17/09/2015 - 13:14

Rio, BHP talk-up opportunities

17/09/2015 - 13:14

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If Andrew Mackenzie and Sam Walsh are right, then Western Australia’s commodity dependent economy could be at the start of a recovery; and not before time, given the weakening state of the property market as measured by mortgage defaults.

OPTIMISTIC: Andrew Mackenzie says Chinese demand remains strong.

If Andrew Mackenzie and Sam Walsh are right, then Western Australia’s commodity dependent economy could be at the start of a recovery; and not before time, given the weakening state of the property market as measured by mortgage defaults.

Mr Mackenzie, the chief executive of BHP Billiton, and Mr Walsh, his counterpart at Rio Tinto, ought to know what they’re talking about given the quality of the data that crosses their desks, especially about Chinese demand for minerals.

There is, of course, a chance that both men are ‘talking their books’, or embellishing what they’re seeing to boost the confidence of shareholders in BHP Billiton and Rio Tinto, as well as bolstering personal support from the investment community.

Whatever the explanation for their recent remarks at conferences in the US, it is refreshing to hear a note of optimism, especially at a time when there is so much uncertainty while the world waits to see whether the US will start raising interest rates.

Joining the economic dots that connected commodity prices to WA mortgage defaults to US interest rates is not easy, but it is important to see how each is related to the other.

Mr Mackenzie’s views, delivered at an overnight talk in Washington, emphasised the fact that Chinese demand for BHP Billiton’s wide range of commodities remained strong. There was no sign of a build-up in stockpiles, as raw materials flowed freely through Chinese ports.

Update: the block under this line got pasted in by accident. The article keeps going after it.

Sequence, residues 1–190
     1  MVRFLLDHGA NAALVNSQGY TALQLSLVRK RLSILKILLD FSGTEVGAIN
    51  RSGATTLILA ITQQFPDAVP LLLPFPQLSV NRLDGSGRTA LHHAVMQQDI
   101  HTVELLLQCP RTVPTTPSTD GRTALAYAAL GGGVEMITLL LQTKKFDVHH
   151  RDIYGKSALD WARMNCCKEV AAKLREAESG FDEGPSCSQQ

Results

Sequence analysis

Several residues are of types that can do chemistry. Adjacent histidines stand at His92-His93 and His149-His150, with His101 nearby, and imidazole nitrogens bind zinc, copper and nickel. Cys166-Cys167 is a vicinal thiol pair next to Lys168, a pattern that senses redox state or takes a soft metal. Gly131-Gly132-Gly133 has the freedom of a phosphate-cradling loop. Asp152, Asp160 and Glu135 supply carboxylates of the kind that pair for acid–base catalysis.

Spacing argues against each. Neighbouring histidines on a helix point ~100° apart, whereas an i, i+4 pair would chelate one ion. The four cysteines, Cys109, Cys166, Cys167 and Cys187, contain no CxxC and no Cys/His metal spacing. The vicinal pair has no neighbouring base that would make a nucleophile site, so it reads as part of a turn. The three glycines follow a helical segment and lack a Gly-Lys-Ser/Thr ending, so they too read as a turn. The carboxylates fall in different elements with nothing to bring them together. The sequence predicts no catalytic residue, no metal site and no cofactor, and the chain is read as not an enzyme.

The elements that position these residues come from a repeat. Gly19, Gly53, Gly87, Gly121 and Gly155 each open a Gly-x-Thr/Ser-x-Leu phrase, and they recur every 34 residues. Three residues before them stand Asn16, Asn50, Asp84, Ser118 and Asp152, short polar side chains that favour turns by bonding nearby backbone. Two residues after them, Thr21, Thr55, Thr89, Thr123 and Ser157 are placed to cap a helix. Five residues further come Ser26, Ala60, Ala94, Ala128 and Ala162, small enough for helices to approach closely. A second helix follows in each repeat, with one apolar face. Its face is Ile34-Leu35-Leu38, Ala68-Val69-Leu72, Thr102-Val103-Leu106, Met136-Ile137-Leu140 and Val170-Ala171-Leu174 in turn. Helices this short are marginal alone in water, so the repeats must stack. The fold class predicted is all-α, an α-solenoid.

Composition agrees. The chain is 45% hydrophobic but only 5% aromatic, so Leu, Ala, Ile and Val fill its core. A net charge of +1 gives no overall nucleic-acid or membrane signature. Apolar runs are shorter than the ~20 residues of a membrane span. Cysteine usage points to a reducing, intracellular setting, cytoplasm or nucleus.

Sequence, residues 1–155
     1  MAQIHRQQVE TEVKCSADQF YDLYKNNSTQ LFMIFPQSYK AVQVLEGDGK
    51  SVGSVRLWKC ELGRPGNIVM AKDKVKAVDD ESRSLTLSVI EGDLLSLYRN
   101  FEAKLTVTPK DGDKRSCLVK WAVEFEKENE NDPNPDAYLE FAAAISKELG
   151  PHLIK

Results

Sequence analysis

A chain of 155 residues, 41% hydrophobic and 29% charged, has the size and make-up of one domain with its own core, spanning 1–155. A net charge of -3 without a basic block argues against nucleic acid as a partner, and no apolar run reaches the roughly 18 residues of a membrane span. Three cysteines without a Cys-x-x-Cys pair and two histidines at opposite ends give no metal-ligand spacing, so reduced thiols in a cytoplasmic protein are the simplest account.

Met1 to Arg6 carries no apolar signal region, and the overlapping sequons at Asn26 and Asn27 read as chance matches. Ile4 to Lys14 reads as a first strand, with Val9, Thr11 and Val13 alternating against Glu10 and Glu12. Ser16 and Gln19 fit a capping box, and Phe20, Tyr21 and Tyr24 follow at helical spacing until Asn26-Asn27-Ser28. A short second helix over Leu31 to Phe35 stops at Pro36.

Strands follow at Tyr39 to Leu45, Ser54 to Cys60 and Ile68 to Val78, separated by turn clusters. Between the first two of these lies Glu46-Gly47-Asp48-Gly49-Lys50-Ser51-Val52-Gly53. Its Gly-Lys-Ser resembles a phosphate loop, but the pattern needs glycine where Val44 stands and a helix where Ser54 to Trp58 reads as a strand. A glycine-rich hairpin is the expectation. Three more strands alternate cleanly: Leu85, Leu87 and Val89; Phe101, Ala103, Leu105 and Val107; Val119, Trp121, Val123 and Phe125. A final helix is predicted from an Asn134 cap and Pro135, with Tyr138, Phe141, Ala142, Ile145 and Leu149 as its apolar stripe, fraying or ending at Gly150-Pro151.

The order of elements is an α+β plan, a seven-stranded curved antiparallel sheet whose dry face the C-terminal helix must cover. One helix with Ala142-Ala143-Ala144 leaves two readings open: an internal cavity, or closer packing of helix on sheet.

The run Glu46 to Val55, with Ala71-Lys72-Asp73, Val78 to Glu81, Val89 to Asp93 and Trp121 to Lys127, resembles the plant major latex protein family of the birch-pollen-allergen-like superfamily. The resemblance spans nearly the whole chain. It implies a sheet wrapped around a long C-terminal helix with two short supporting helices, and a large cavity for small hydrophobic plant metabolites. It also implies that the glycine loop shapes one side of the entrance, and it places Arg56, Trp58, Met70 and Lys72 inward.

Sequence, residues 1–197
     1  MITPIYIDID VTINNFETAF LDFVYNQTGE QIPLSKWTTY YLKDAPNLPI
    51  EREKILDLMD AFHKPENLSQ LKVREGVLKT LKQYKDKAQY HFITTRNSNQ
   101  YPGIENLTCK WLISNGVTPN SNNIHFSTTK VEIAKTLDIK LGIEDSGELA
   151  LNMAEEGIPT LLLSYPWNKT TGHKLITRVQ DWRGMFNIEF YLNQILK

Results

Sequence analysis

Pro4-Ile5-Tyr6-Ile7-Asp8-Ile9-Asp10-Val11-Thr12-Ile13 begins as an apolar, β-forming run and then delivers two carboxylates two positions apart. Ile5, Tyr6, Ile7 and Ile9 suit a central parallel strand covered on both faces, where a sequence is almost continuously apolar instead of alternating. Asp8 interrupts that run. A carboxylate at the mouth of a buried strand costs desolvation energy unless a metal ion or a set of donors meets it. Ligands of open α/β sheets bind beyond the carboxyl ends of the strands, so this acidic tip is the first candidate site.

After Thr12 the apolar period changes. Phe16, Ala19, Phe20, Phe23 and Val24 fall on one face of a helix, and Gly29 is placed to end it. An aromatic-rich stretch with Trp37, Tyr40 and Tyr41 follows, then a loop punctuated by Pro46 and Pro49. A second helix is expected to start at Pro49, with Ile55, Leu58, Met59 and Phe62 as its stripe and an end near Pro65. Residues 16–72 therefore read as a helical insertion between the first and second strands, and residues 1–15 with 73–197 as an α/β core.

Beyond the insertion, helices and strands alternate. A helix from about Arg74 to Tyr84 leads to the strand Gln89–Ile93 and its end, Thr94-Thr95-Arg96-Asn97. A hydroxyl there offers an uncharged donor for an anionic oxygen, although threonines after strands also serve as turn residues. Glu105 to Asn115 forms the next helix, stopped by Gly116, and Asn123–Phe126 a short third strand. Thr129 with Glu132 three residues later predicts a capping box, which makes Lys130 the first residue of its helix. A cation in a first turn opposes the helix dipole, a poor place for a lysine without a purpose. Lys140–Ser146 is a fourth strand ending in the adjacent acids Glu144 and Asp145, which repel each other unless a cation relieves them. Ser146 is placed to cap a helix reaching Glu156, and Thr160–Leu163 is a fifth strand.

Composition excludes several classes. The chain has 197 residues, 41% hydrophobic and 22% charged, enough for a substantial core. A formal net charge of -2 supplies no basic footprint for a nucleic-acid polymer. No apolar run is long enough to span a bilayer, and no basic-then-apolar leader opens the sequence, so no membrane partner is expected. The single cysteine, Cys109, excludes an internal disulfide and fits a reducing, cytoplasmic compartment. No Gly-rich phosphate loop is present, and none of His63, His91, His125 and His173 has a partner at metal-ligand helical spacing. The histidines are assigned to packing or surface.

From being a little bearish three or four months ago, Mr Mackenzie said he had switched to being mildly bullish. “Things are a little better, not worse,” he said.

Exactly a week ago, Mr Walsh said virtually the same thing, almost as if he shares a speechwriter with the BHP supremo.

“I am positive about China, and I am positive about the Chinese leaders and what they can do in relation to pulling the levers they need to pull to keep the economy motoring,” Mr Walsh said.

Given that BHP Billiton and Rio Tinto are the two biggest exporters of raw materials produced in WA, the optimism of the chief executives is a pointer to next year’s recovery, which has been predicted by a number of economic forecasters.

Another way of looking at the prospect of a recovery is to say that it can’t come fast enough, given the latest comments from one of the world’s top credit ratings agencies, Moody’s Investor Services.

In its latest assessment of the Australian property market, Moody’s singled out WA, Queensland and South Australia, as the states with the great risk of mortgage delinquency, or default.

Regions directly dependent on resources, such as north-west iron ore towns, are obvious candidates for a rising level of mortgage-servicing problems, but Mandurah was also included in the Moody’s list of trouble spots.

Mandurah, along with towns in Queensland’s coal-mining centres of the Bowen Basin and the Darling Downs, were named as the three hot spots for mortgage defaults.

Moody’s said WA’s overall delinquency rate had risen to 1.64 per cent of mortgages, below South Australia’s 1.85 per cent, but above the national average of 1.5 per cent.

The mortgage default data indicate that conditions in WA are trending down as the full effects of the fall in iron ore and oil prices flows into the wider economy.

Tonight’s decision on US interest rates, easily the most widely anticipated economic event since the GFC of 2008, will not have an immediate effect on WA, but it will have a significant confidence on the global economy – and WA is the most internationally connected of the Australian states.

Of the two possible outcomes – an increase in US rates or no action – the best for WA would be a modest increase; not because it would immediately effect interest rates here, but because it would probably lift the value of the US dollar – and effectively push down the Australian dollar.

A cheaper currency would be another piece of good news for WA’s export industries, bolstering the confidence expressed by Messrs Mackenzie and Walsh.

STANDING BY BUSINESS. TRUSTED BY BUSINESS.

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